Conservatives Prepare for Attack on Trade Union Political Funds
Friday, July 10, 2015
BY: Jim Pickard and Elizabeth Rigby
The bill is expected to receive its first reading in late July and its second in September — with the timing designed to cause maximum embarrassment to the Labour party as its lengthy leadership race reaches its finale.
The new legislation will be making headlines just as a senior party figure makes the customary address to the TUC gathering in September.
The impact of the funding reforms, which will hit all existing members of Labour-affiliated unions, will be more far-reaching than expected. They revolve around a “transparent opt-in process” for the political fund element of trade union subscriptions. At present, many workers automatically pay into their unions’ political funds on an “opt-out” basis — requiring them to actively choose not to contribute.
When the policy was announced, ministers were unable to say whether the changes would apply to all members or only to new ones. According to Conservative sources, however, the changes will be imposed on all 6m union members, who will have to reaffirm their desire to donate to Labour on a regular basis. That is likely to be every few years, although the final rules have not yet been decided.
The move will delight the Conservative grass roots but prompt fury among union general secretaries, who believe the new measures are politically motivated.
“These proposals amount to nothing more than a shamelessly partisan attack on the funding of the opposition party,” said a spokesman for the Unite union. “Political funds are already subject to approval being given in regular ballots by unions. Tory hedge fund and multimillionaire donors will face no similar restrictions, leaving boards free to write hefty cheques backing the Tory party.”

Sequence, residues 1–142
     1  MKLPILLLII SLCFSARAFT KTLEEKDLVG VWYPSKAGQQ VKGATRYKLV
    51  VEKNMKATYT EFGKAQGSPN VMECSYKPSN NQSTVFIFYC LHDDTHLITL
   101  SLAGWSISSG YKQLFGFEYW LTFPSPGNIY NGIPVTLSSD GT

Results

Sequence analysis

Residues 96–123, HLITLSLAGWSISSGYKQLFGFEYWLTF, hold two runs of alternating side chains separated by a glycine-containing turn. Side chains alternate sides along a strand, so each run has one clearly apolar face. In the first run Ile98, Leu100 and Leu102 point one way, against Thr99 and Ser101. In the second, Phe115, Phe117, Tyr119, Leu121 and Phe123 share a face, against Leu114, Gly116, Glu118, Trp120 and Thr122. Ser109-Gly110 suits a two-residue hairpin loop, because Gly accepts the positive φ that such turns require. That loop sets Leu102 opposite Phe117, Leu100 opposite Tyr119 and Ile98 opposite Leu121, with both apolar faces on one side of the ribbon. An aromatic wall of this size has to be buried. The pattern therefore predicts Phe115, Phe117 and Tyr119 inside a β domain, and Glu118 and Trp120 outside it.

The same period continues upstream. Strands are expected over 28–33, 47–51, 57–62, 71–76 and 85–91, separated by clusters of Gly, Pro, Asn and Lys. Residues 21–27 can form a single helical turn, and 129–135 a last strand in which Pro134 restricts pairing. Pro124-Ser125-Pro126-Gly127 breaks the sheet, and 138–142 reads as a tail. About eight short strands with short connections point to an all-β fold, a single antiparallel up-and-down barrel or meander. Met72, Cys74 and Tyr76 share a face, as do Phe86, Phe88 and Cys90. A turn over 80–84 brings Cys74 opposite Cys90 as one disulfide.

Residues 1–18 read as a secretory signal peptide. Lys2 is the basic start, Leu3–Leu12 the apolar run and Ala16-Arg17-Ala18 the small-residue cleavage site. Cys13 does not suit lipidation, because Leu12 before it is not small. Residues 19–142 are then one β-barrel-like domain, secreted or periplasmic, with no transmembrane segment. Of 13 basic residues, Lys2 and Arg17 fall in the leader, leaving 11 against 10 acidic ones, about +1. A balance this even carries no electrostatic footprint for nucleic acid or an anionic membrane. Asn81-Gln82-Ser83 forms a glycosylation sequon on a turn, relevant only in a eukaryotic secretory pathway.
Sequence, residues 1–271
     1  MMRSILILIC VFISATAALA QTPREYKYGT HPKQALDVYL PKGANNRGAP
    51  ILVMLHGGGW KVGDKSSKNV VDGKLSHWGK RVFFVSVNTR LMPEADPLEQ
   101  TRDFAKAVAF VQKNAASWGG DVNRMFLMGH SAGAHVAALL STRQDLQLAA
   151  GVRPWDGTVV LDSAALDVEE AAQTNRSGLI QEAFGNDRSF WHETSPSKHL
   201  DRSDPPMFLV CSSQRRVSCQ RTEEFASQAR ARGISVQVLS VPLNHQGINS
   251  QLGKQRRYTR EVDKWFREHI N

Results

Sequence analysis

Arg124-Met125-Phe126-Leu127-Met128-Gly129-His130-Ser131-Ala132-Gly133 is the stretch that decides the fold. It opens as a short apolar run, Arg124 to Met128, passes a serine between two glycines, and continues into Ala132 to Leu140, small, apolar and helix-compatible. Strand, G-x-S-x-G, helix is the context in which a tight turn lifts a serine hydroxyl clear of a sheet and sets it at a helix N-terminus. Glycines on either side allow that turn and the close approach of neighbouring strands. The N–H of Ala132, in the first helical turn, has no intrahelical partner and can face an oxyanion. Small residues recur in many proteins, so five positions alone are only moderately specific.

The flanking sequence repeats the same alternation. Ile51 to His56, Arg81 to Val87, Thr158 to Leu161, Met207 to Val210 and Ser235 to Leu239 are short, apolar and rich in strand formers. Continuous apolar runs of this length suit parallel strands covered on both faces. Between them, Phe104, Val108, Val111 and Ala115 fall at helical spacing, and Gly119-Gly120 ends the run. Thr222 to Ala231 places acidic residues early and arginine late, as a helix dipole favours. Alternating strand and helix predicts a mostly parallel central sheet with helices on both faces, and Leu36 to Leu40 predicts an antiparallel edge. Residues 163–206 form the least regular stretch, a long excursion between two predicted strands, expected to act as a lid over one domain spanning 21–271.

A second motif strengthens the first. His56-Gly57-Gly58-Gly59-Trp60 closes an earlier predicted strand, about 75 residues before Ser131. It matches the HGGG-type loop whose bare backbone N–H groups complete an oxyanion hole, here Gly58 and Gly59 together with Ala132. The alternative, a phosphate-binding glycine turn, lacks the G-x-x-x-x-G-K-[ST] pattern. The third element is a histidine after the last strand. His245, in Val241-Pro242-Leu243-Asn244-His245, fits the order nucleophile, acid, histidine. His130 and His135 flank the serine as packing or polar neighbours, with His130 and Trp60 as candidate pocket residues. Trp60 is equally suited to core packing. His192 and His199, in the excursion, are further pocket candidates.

Another union official said that opt-ins usually failed to work, citing the low take-up of volunteers for organ donations.
“This is going to do in the Labour party,” he said. “You can’t defy the law of gravity.”
Labour depends heavily on the biggest unions, taking more than £30m from Unite, the GMB and Unison in the last Parliament. In total the unions made up 72 per cent of recorded donations to the party from 2010 to 2015.
Most unions ballot their members every decade on whether they want to keep a political fund. However, the Conservatives believe that many members are paying money towards a party they do not support. In Scotland, for example, a large proportion of union members now back the SNP rather than Labour.
The bill will also please business groups by tackling the “intimidation” of non-striking workers and introducing time limits on strikes.
The law will require a minimum 50 per cent turnout of union members for a ballot to approve a strike. There will also be a new threshold of at least 40 per cent of those entitled to vote required for strikes that affect public services.
Dave Prentis, head of Unison, has threatened to challenge the move in the European courts and if necessary act outside the law to halt the new legislation.
Critics of the proposals point out that days lost to strikes are at a minimal level compared to the 1970s. Meanwhile union membership has fallen to just 14 per cent in the private sector and 54 per cent in the public sector.